Emba hsem ppt hazard id.ev.sg_20104006-8-9_16-9


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Hazard Identification, Evaluation and Suggestions for Managing the Hazards

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Emba hsem ppt hazard id.ev.sg_20104006-8-9_16-9

  1. 1. Hazard Identification, Evaluation; and Suggestions for Managing the Hazards<br />By Team –III<br />Sudeep Panicker<br />Sarjeevan Sainbhi<br />Vishal Shukla<br />
  2. 2. Hazard Identification<br />
  3. 3. What is a hazard ?<br /> “A hazard is something with the potential to cause harm. According to OHSAS 18001:1999, hazard is a source or situation with a potential for harm in terms of human injury or illness health, damage to property, damage to the environment, or a combination of these”.<br />Hazard Identification<br />
  4. 4. Why hazards identification?<br />Hazard recognition or hazard identification is vitally important in accident prevention. By recognizing hazards' characteristics and properties, we can clearly determine proper controls. Unfortunately, the majority of us sometimes overlook to recognize hazards.<br />Categorizing hazards<br />To assist in identifying hazards, the hazards may be categorised as follows:<br /><ul><li>The obvious hazard is apparent to the senses (e.g. unguarded machinery, building defects, or and faulty electrical equipment).
  5. 5. The concealed hazard is not apparent to the senses (e.g. electricity, presence of toxic vapors, or and high frequency noise).
  6. 6. The developing hazard cannot be recognised immediately and will develop over the time (e.g. a worn tire on a mobile crane or and frayed steel cables), and
  7. 7. The transient hazard is an intermittent or a temporary hazard (e.g. overload of machinery, when a confined space permit has expired, a sticking safety valve on a boiler, intermittent electrical or and mechanical defect).</li></li></ul><li>
  8. 8. Broad categories of hazards<br />To help with the process of identifying hazards it is useful to categorize hazards in different ways for example by topic, for example:<br /><ul><li> Mechanical;
  9. 9. Electrical;
  10. 10. Radiation;
  11. 11. Substances;
  12. 12. Fire and explosion;
  13. 13. Toxic release; and
  14. 14. Natural calamities.</li></li></ul><li>How to identify hazards?<br />To begin identifying hazards, simply ask the question, 'Does this task/activity/situation/ event has the potential to harm a person, property, environment, and or system? The question should be similar to:<br />a. What am I going to do?b. What is the purpose of doing this job, task or<br /> activity?c. How will I do that job, task or activity?d. How could I get hurt doing this job, task or activity?e. What will I do to prevent accident (injury, illness <br /> health)?<br />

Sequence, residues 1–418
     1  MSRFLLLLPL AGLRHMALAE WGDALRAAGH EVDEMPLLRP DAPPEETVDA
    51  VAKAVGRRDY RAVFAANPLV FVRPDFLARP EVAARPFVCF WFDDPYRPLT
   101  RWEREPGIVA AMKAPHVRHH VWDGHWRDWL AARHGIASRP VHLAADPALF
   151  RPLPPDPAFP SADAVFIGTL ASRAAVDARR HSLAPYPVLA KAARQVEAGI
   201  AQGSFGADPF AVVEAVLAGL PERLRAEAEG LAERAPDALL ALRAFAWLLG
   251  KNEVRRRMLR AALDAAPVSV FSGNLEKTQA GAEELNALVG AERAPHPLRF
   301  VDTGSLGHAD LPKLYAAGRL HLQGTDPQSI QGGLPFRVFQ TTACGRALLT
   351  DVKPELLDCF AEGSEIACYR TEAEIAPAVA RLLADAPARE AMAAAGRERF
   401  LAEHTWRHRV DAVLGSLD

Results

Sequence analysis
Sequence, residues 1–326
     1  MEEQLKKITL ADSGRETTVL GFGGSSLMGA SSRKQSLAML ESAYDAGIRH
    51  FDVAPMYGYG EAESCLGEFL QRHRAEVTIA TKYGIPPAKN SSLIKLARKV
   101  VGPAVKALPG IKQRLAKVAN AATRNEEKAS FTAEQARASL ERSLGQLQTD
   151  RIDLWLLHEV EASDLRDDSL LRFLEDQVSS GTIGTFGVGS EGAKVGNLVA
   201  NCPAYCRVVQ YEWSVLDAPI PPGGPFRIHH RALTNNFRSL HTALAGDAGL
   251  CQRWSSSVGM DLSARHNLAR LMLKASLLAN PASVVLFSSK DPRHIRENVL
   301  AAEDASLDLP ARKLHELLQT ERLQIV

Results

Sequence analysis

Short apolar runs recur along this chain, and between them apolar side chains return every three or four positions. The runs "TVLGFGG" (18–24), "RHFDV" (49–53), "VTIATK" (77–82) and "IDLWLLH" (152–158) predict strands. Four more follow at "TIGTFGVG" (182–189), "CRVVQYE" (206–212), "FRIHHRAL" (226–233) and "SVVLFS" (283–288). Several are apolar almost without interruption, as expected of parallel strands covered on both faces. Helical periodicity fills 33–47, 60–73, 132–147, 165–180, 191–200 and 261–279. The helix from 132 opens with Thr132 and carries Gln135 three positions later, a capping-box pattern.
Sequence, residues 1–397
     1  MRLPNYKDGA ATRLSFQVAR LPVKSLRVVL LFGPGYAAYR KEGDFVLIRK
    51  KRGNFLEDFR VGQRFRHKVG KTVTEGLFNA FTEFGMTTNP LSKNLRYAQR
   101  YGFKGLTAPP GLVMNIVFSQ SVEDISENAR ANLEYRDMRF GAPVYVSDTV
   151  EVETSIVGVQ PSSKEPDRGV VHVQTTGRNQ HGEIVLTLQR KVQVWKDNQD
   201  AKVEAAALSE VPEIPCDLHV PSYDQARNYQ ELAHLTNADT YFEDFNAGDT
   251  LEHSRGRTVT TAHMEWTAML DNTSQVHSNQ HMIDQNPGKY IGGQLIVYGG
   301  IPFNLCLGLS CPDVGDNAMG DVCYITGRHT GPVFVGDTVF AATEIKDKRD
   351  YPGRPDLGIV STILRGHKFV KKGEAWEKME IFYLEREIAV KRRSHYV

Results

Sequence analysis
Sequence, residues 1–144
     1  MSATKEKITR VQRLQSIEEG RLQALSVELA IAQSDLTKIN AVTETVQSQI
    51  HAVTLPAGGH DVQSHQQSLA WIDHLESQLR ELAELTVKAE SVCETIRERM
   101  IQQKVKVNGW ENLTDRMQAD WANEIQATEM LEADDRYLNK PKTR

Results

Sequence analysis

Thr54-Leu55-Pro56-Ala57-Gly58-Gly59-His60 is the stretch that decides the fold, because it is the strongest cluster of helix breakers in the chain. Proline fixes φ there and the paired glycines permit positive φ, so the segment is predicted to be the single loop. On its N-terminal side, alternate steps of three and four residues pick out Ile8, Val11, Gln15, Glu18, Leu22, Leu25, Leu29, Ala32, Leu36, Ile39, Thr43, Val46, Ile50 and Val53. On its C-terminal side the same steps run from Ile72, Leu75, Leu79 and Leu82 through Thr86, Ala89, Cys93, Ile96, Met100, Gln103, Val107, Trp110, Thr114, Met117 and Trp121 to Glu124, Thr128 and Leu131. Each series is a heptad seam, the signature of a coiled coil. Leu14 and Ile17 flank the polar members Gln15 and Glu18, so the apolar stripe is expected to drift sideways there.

15. 15. Hazard Identification Sources<br /><ul><li>Safety Reporting - includes safety occurrence reporting through mandatory and voluntary reporting schemes.
  16. 16. Internal investigation of safety occurrences.
  17. 17. Safety occurrence trend analysis.
  18. 18. Information provided by personnel, from operational perspective and training.
  19. 19. Monitoring of “day-to-day” normal operations and environment.</li></li></ul><li>Hazard Identification Sources<br />An Environment of Operation<br />People<br />Procedures<br />Equipment<br />
  20. 20. Hazard Evaluation<br />Understanding Human Error<br />
  21. 21. Philosophy of Hazards Evaluation<br />Focus:<br /> – Hazard Identification<br /> – Hazard Categorization<br /> – Hazard Evaluation<br />Outcomes <br />
  22. 22. Information Obtained in HE Process<br />Facility<br />Site information<br />Buildings, structures, systems, components, design<br />Process design<br />Regulatory information<br />Other<br />Hazards<br />Material hazards<br />Process hazards<br /> External man-made hazards<br />Natural phenomena hazards<br />
  23. 23. Basic Hazard Evaluation Process<br /><ul><li>Define scope
  24. 24. Gather information
  25. 25. Identify hazards
  26. 26. Determine hazard category
  27. 27. Evaluate hazards
  28. 28. Postulate hazard scenarios
  29. 29. Estimate likelihood of occurrence
  30. 30. Evaluate potential consequences
  31. 31. Identify controls to prevent or mitigate
  32. 32. Document results</li></li></ul><li>Hazards Evaluation Pre-Start Activities<br />Assemble the hazards evaluation team<br />Team leader is key<br />Include appropriate disciplines and organizations<br />Safety basis<br />Engineering (construction, systems, others)<br />Operations (both management and workers)<br />Safety disciplines (industrial safety, industrial hygiene, radiation safety, explosive safety, fire protection, criticality safety, etc.)<br />Other subject matter experts<br />Define roles and responsibilities<br />